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The PIA as a tool for stakeholder focus on privacy

How do you maintain stakeholder focus on privacy in the course of the data lifecyle? I discussed the answer to this question at last Thursday’s Philippine Data Privacy Forum organized by Asian Legal Business.

My answer: the Privacy Impact Assessment (PIA) process can be a useful tool in ensuring stakeholder focus.

Just what is a PIA? It is a process to help an organization identify and reduce the privacy risks of a project. I use the term “project” but this could be a new policy, new equipment or software to be used, or a new product to be rolled out. What the PIA does is to guide the organization in planning and reviewing the implementation to ensure that privacy risks are identified and addressed—either by eliminating the risks altogether or just mitigating their effects.

The PIA is widely used in other jurisdictions but not all data protection authorities require that a PIA is conducted. In our case, the National Privacy Commission (NPC) has two issuances on the PIA. In NPC Circular 16-01, the NPC requires a PIA for government agencies processing personal data. According to the NPC, the PIA should be consistent with the size and sensitivity of personal data and the risk of harm from unauthorized processing or personal data. On the other hand, NPC Circular 16-03 on personal data breach management refers to a PIA as one of the safeguards in ensuring security against breach. I have not seen an NPC circular explicitly mandating a PIA for the private sector but the NPC website says as much (see how the drafting of a Privacy Manual is discussed at

Why do I think the PIA works well in maintaining stakeholder focus on privacy? Well, we can look at the PIA as a guide—or a checklist—that will help an organization identify what factors in their project are crucial to ensuring that the privacy of clients/users is protected.

For one, the PIA process is thorough. A PIA looks at all aspects of the data flow at different phases of the project. Consultation is built in at different stages—whether at the beginning, at midpoint, or after completion of the project, as a tool for review.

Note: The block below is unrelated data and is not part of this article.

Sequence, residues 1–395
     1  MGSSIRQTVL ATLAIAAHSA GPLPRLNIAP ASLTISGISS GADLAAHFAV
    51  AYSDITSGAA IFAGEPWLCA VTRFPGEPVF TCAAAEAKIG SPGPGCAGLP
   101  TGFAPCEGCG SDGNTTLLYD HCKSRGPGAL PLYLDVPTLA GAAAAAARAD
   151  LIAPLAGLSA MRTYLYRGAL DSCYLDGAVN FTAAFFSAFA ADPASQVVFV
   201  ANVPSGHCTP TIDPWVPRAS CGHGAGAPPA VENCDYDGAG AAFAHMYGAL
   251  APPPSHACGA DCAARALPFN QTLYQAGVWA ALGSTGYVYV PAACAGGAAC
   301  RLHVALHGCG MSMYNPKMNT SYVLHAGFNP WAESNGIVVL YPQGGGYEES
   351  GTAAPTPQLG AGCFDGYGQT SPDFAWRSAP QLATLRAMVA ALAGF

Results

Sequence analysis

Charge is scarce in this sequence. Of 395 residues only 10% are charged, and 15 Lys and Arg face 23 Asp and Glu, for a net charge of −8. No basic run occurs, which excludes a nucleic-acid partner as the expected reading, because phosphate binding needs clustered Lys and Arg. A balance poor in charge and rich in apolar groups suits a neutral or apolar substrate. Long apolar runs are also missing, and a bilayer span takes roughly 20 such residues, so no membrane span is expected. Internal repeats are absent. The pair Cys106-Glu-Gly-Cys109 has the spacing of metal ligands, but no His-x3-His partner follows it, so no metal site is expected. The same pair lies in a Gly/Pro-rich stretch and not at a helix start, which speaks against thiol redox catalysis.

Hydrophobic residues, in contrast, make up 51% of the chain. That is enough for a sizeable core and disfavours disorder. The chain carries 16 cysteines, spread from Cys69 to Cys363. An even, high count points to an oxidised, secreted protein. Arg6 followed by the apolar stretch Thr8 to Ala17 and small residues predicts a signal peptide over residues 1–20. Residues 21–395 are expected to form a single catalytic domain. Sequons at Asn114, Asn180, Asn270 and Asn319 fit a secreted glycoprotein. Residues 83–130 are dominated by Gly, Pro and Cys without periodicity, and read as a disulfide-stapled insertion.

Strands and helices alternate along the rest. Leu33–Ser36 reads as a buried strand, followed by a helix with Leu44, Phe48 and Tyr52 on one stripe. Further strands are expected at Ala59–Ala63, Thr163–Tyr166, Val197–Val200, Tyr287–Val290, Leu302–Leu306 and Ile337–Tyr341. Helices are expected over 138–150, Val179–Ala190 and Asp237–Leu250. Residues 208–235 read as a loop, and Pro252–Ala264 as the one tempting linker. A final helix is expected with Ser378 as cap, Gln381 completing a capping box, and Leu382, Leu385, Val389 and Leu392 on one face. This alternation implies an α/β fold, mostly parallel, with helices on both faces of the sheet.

The PIA is also accessible. It may be done with the help of experts. Or the staff can it on their own (as long as the organization has adopted a well-designed PIA template). The PIA can be conducted by either management or staff (but a good mix of representatives from both would be ideal). It allows PIA participants or stakeholders to highlight issues based on their own area of interest or expertise. This is crucial because it is rarely the case where an organization has one person who knows all aspects of its operations.

Finally, the PIA is flexible. It can be integrated into the organization’s existing approach to managing projects or its operations. As I said before, the PIA can also be done at the beginning, middle, or end.

Material produced by the Information Commissioner’s Office of the UK lists the following steps for a PIA process:

  1. Identify the need for a PIA.

  2. Describe the information flow.

  3. Identify the privacy and related risks.

  4. Identify privacy solutions.

  5. Sign off and record PIA results.

  6. Integrate the insights into the project plan.

The first step is very important because a PIA is not needed if the undertaking does not involve personal data. It is also very important to record the PIA results since the results will be invaluable at the time of review. After all, you can only know whether something was done or not done if you had a list of the things to do. In some jurisdictions, the PIA results are posted at the organization’s website to inform the public of the possible privacy ramifications of its projects. In the Philippines, this is not a requirement.

Finally, the recorded PIA results will also help an organization prove to the NPC that it has been taking steps to ensure protection of personal data. This will be important in case the organization is unlucky enough to be the victim of a data breach or security incident.

A PIA can be full-scale or small-scale. A full-scale PIA is always recommended at the beginning of any project. Organizations can choose to do small-scale PIAs at certain points of the project process as a way of checking whether the privacy risks identified are being addressed, or even whether the privacy risks have already changed. Why is this regular checking-in important? There are usually three changes that have an impact on a project: change in laws, changes in technology, and changes in practices. These changes may not always be visible to the people implementing the project.

I capped my presentation by bringing the discussion to what I feel is the more important consideration: We say that it is important to maintain the focus of the stakeholders on privacy throughtout the data lifecycle. WHY?

Because privacy is a fundamental human right. And we violate this right when we are careless with our clients’/users’/public’s personal data. In our rush to comply with privacy laws, there is a danger of overlooking this.

#privacyimpactassessment #dataprivacy #stakeholders


I am Cecilia Soria, a Privacy Attorney. This blog is where I share news and insights as I continue to learn more about privacy.


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